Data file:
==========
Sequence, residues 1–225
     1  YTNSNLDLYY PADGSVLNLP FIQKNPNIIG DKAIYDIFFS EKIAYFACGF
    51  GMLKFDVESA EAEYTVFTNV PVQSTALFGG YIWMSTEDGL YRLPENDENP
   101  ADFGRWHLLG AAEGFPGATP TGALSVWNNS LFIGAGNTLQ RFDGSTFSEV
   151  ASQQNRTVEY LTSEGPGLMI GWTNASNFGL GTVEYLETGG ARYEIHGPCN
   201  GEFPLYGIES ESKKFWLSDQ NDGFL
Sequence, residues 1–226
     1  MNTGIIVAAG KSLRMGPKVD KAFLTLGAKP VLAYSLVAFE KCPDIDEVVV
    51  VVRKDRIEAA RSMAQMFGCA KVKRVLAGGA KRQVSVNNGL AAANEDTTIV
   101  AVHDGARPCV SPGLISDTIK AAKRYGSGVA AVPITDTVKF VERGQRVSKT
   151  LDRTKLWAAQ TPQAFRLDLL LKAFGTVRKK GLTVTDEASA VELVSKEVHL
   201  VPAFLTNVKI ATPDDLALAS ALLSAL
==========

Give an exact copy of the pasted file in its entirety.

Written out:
Sequence, residues 1–225
     1  YTNSNLDLYY PADGSVLNLP FIQKNPNIIG DKAIYDIFFS EKIAYFACGF
    51  GMLKFDVESA EAEYTVFTNV PVQSTALFGG YIWMSTEDGL YRLPENDENP
   101  ADFGRWHLLG AAEGFPGATP TGALSVWNNS LFIGAGNTLQ RFDGSTFSEV
   151  ASQQNRTVEY LTSEGPGLMI GWTNASNFGL GTVEYLETGG ARYEIHGPCN
   201  GEFPLYGIES ESKKFWLSDQ NDGFL
Sequence, residues 1–226
     1  MNTGIIVAAG KSLRMGPKVD KAFLTLGAKP VLAYSLVAFE KCPDIDEVVV
    51  VVRKDRIEAA RSMAQMFGCA KVKRVLAGGA KRQVSVNNGL AAANEDTTIV
   101  AVHDGARPCV SPGLISDTIK AAKRYGSGVA AVPITDTVKF VERGQRVSKT
   151  LDRTKLWAAQ TPQAFRLDLL LKAFGTVRKK GLTVTDEASA VELVSKEVHL
   201  VPAFLTNVKI ATPDDLALAS ALLSAL